By Alex Rendon
By Monica McGivern
By Michele Eve Sandberg
By Alex Rendon
By Monica McGivern
By Ian Witlen
By Christina Mendenhall
By Michele Eve Sandberg
That's one of the questions addressed by "Roy Lichtenstein: Inside/Outside," now at the Museum of Contemporary Art in North Miami. The show, assembled by MoCA director and chief curator Bonnie Clearwater with the cooperation of the Roy Lichtenstein Foundation, is the first major exhibition of Lichtenstein's work since his death in 1997 at age 73. It encompasses more than a hundred pieces, including paintings, sculptures, and works on paper, and provides a comprehensive overview of the artist's career, which spanned more than half a century.
Lichtenstein is best-known, of course, for his comics-inspired paintings in which panels from comic strips or books are exploded into larger-than-life images, rendered in bright primary colors and clean, simple lines. Some of the hallmarks of early pop art, in other words.
But early in his career, Lichtenstein added an ingredient called Benday dots that would forever make his work unmistakably his (as well as a source of envy for fellow pop pioneer Andy Warhol). If you've ever seen a Lichtenstein painting -- and if you haven't, where have you been? -- you know what I'm talking about: the dots, uniform in size in some pieces, gradated in others, that usually blanket large portions of the image.
The dots were invented by Benjamin Day, a late-19th-century/early-20th-century American artist and inventor. As a commercial illustrator, Day came up with a way to adapt colored drawings for mass reproduction in newspapers and magazines. It was a complicated process that allowed the reproductions to approximate more closely the gradations of color in the originals. (A sweeping but to my mind useful generalization: Think of Benday dots as roughly comparable to the pixels you see when you drastically enlarge an electronically produced image -- minute components of a much larger whole.)
Lichtenstein became so enamored of this industrial printing device that he used it throughout the rest of his career, professing that he embraced it because it made his images look more mechanical. He even experimented with a variety of techniques for producing the dots until he came upon one, using stencils, that satisfied him with its impersonality.
Regardless of whether he knew the details of his Benday dots' origins, Lichtenstein unabashedly acknowledged the importance of the dots to his imagery. In a painting such as the wonderfully deadpan Magnifying Glass (1963), for example, the dots pretty much are the painting: A 16-by-16-inch canvas is covered with small, uniform black dots, overlaid with a magnifying glass that reveals... larger uniform black dots.
But the famous comics-inspired paintings of the 1960s are just one example of the subject matter to which Lichtenstein applied his distinctive style. During the same era, he also turned to reinterpreting the work of other artists. The spare lines that make up his 1962 Golf Ball can be seen as a redefinition of Piet Mondrian's Pier and Ocean. A decade later, he even quoted himself by slipping a portion of Golf Ball into Still Life with Goldfish (and Painting of Golf Ball). The 1973 piece Trompe L'oeil with Léger Head and Paintbrush incorporates, as the title suggests, a head that could come from nowhere other than a Fernand Léger painting.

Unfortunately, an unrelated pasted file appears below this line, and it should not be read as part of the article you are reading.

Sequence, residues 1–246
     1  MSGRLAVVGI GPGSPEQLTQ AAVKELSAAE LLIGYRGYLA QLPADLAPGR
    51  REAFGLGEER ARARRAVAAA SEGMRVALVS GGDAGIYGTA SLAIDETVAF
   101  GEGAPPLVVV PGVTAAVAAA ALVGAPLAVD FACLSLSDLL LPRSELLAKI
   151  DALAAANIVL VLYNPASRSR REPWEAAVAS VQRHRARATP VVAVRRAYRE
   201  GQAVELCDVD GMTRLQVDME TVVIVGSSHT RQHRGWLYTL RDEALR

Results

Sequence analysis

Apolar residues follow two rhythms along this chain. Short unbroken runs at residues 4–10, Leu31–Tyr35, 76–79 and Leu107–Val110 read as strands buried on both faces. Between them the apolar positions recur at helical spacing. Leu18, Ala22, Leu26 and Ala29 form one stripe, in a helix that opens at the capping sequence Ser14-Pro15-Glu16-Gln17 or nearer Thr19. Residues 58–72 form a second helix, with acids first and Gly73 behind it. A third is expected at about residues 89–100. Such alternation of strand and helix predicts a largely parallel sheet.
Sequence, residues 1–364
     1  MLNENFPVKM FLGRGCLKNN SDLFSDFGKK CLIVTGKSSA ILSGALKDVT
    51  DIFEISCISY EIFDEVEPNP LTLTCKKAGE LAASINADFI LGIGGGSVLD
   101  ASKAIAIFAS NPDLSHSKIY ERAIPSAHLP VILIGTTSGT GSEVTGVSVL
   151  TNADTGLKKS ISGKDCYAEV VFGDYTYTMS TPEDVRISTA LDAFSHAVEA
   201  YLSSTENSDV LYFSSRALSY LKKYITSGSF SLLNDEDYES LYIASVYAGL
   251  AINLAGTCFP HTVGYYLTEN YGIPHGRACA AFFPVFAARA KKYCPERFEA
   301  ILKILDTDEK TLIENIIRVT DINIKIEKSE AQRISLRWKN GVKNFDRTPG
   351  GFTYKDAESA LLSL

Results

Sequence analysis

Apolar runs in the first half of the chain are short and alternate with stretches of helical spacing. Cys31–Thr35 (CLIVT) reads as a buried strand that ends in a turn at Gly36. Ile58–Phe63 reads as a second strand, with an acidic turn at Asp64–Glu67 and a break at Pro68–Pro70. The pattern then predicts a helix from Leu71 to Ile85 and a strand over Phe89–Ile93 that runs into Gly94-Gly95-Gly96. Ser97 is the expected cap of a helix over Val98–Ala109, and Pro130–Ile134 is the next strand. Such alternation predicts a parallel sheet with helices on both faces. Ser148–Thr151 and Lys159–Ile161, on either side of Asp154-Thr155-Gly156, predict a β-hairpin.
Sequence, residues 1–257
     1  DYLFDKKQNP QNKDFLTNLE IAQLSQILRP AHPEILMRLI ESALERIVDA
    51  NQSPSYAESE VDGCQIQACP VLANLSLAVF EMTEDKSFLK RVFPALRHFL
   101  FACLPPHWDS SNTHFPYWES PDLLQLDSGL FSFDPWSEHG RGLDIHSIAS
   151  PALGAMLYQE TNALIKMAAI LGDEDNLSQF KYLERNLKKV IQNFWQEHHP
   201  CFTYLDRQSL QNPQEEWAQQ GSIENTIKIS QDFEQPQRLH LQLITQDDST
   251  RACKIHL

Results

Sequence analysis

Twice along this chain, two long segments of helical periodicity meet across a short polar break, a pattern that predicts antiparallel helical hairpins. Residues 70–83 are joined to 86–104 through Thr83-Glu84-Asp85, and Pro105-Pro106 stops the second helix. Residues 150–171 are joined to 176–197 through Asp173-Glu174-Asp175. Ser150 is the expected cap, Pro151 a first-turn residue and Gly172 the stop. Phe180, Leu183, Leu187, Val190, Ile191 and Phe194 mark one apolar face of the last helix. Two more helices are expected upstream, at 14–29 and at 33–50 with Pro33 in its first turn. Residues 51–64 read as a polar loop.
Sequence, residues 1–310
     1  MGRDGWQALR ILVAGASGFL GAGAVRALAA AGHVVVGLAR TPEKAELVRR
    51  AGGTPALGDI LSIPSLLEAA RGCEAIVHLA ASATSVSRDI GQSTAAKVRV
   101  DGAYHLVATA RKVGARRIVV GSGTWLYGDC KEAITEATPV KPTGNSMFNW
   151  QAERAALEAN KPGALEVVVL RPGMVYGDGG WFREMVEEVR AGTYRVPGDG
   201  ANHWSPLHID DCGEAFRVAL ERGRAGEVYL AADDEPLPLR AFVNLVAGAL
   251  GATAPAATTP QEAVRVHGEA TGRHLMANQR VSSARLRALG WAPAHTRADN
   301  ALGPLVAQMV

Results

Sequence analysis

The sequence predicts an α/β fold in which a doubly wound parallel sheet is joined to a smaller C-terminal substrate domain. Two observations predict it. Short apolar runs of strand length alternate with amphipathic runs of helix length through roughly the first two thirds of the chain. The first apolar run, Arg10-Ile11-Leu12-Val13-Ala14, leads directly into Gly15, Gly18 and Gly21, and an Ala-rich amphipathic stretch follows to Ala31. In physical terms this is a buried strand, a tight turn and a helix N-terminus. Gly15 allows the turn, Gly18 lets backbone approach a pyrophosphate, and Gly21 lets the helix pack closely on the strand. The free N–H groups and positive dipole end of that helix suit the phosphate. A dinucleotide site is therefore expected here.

The MoCA exhibition includes these pieces as well as many other representative works. The large horizontal canvas Yellow Brushstroke II (1965) is from a series in which the artist combined his Benday dots with big, boldly defined swaths of color. Mirror #2 (24" Diameter) (1970) is from another series in which the title objects usually reflect nothing identifiable but instead focus on color and texture.
There are also still lifes and a variety of drawings, sketches, and studies. And to show how readily Lichtenstein's seemingly flat work translates into three dimensions, there are more than three dozen sculptures and maquettes. (In fact, according to the excellent exhibition catalog, the show began as an exploration of the artist's sculptures before evolving into its current multimedia state.)
A handful of gorgeous pieces from the last few years of Lichtenstein's life demonstrate how infinitely adaptable his style and technique could be. Some of these are Chinese-style landscapes using Benday dots of varying sizes and density, with the stark compositions only minimally accented: in the case of Landscape with Boat (1996), by a tiny vessel coming into (or going out of) the lower left corner, and in the case of the tall, vertical Landscape with Grass (1996), by a few tufts of green in front of layer upon layer of mountains receding into the distance.
Lichtenstein's teacher and mentor, Hoyt Sherman, claimed that what the Chinese called "flat distance" made "all of the pictorial elements appear at the "same' distance from the observer," enabling the artist to create pictorial unity. But as we can also see in these paintings, flat distance paradoxically allows a sense of depth to creep in so that the images have an unstable, vibrant intensity.
The very different Collage for Interior with Painting of Nude and Collage for Interior: Still Life and Sculpture -- both in painted and printed paper on board, and both from 1997, the year Lichtenstein died -- move well beyond such simple imagery and into compositions as richly varied and patterned as those in a Matisse painting. The crisp, thick outlines are still favored, as well as the ubiquitous Benday dots, but Lichtenstein uses them for different effects.